Rosyth: Despair of docks by the Trident divided: Britain's last two major dockyards, once part of a proud network, are locked in a life-or-death struggle for the contract to refit submarines

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The Independent Online
NEW OR nearly new cars are parked in most driveways of the cul-de-sac where Terry Fernon lives. By the end of the month, the 4,000 workers at the Rosyth naval dockyard will have found out if parking their cars at work is something they need worry about in the future.

'This area has never really suffered from the recession because of the dockyard, but now people are frightened,' says Mr Fernon. At 40, he has spent 19 years at Rosyth. In an ironic tone he adds: 'After being a television engineer, I went into the dockyards for security.'

The dockyard at Rosyth in Fife, managed by Babcock Thorn, is the Scottish end of the Trident debate.

Since the early 1960s, Britain's Polaris submarines have been refitted there, each job taking up to two and a half years and costing pounds 150m. Five years ago, work began on preparing the yard for Trident. A hole the size of six football pitches has been dug; concrete poured; tests made. The project is called RD57 - the dry-dock site intended to hold the Trident refits. The preparatory work has so far cost pounds 100m. Locals refer to it as 'the hole that cost a mint'.

Before the arithmetic of the peace dividend, the Ministry of Defence believed there was enough work to sustain both Rosyth and the dockyard at Devonport. The decision on where the Trident work goes will show whether they still hold such a view. For the two communities, life without a naval dockyard is unimaginable.

Like most of his neighbours, Terry Fernon says his future depends on whether Rosyth has a future. It is Scotland's largest industrial employer and boasts the largest intake of apprentices - 200 a year - north of the border. Towns such as Dunfermline, Kirkcaldy and small scattered communities which have survived the demise of the local coal industry, also rely on the dockyard for jobs.

Without Rosyth, MoD contract and supply work in the area would also go, placing a further 20,000 jobs in danger.

Shaking his head and looking as if he would rather discuss something else, Mr Fernon says: 'It would be an economic disaster.' For his wife Anne, who works in Edinburgh, and their two children, aged 13 and 10, being without the family's main wage would end their relatively comfortable lifestyle. 'Entire families working at Rosyth is not the exception, it's the usually the rule,' said Mr Fernon.

Terry's brother Jim, an electrician, works at the dockyard, as does his sister, Catherine. Their father, Jim Snr, began at Rosyth as the Second World War ended. Retiring three years ago, Mr Fernon Snr still looks back to what he called 'the buzz of working in the dockyard. You didn't make a lot of money, but you had a secure job.'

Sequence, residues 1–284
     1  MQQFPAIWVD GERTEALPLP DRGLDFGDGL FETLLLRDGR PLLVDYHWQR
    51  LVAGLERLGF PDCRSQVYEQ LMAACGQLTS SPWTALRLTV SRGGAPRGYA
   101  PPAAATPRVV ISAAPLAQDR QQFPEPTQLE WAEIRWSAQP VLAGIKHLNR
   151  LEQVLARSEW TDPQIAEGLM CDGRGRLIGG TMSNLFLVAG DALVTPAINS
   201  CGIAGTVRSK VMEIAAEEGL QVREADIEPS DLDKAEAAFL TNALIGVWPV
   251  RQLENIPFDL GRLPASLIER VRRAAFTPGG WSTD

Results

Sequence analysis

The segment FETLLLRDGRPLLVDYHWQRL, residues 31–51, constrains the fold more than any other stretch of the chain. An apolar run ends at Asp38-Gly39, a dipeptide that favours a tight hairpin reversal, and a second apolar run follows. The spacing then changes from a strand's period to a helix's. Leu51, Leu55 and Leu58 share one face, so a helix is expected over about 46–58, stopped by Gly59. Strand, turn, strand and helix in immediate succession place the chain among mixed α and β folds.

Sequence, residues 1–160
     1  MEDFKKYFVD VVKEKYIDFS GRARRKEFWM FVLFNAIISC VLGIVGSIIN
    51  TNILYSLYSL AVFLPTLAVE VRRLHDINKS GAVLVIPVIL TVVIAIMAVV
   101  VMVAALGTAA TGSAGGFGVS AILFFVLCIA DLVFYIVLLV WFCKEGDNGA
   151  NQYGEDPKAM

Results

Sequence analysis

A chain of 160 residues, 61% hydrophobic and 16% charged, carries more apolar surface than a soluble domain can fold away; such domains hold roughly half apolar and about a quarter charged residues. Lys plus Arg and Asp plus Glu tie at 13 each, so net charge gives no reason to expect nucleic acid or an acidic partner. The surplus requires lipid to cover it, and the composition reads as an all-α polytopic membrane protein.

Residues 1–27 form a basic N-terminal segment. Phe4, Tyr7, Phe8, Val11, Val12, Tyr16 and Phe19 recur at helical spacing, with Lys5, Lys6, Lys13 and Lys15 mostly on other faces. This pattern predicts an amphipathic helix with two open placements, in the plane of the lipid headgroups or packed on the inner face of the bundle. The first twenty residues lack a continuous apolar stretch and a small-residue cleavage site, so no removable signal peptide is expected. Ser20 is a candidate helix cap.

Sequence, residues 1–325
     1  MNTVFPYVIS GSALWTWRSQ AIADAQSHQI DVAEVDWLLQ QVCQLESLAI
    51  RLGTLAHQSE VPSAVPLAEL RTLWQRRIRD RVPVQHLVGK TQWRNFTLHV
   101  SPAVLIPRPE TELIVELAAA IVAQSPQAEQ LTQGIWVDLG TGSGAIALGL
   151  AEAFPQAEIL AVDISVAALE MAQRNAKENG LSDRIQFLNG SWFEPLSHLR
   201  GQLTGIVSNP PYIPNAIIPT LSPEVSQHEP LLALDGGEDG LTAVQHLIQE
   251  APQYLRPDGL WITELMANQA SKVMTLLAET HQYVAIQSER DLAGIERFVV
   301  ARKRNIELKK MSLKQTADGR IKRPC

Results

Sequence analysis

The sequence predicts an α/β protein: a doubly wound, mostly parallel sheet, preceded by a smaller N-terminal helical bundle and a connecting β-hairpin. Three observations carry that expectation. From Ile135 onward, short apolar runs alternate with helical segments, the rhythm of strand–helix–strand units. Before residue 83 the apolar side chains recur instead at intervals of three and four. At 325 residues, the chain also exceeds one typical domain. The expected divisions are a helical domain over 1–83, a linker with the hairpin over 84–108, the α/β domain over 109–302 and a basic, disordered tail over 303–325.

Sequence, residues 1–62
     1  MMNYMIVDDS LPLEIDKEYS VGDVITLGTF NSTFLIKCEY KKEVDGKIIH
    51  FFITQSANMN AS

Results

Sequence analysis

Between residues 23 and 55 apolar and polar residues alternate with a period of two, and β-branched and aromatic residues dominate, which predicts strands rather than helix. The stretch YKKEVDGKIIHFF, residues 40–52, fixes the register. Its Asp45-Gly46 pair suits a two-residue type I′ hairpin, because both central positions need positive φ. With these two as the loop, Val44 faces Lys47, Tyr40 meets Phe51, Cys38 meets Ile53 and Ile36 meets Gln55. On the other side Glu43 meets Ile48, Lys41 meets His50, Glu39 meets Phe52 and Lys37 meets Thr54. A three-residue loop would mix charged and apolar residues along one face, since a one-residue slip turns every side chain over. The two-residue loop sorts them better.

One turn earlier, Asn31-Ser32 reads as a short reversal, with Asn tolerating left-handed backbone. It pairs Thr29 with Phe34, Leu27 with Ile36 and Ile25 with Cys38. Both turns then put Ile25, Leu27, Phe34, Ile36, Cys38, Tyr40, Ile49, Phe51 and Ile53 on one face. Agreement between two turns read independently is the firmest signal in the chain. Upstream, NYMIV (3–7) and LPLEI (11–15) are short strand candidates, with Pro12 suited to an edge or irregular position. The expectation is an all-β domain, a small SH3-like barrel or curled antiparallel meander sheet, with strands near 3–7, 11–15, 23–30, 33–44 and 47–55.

He began in the Naval Construction Research Establishment and in 1963 moved to teaching the Royal Navy's trade apprentices at Rosyth's naval base. Ten years ago he became an instructor at the dockyard's apprentice training centre. His generation would never have predicted the battle now going on with their English competitor, Devonport.

The two yards are effectively all that remains of a much larger network of naval yards dating back to Henry VII, the first English monarch who was concerned with ensuring that the realm had a standing permanent fleet. Deptford and Woolwich faded in the last century and Chatham and the Gibraltar outpost left the list in 1984, at the same time as Portsmouth was downgraded. In the late 1970s the royal dockyards, which once used to build as well as repair and refit ships, employed 34,000.

By the mid-1980s the workforce (still technically all civil servants before the decision to privatise the running of the yards) was down to less than 20,000. Now, with only 4,000 at Rosyth and 5,000 at Devonport, their economic importance nationally may be diluted, but to the local economies they serve, they remain crucial.

Like Linwood and Ravenscraig before it, Rosyth has become a national symbol of Scottish industry. However, recent events made those inside the yard believe they had a chance of avoiding closure. Low morale was boosted at the end of last year when details of their revised bid for the Trident work revealed the Scottish yard had undercut Devonport.

In the battle to secure the MoD contract, each side has regularly fired off broadsides of half- truths. Rosyth's Scottish geography was compared to Russia and the Ukraine after the collapse of the USSR; the Scottish yard was said to be more prone to earthquakes; Devonport's safety record was questioned; Rosyth's management commissioned an independent study that claimed keeping both yards was the best option - but that Rosyth should be given the lucrative Trident work and Devonport other naval surface ship work.

Waiting for the MoD to deliver its judgement is not easy. 'Nobody wants Devonport to shut,' said Mr Fernon. 'It would be better if both stayed open. Nobody wants to see another yard go.'

But, as his son and daughter went out to play, he contemplated the prospect of having to move if the worst happened. 'Where would we move to? I had always hoped for both my son and my daughter that there would be something still here for them.'

(Photograph omitted)

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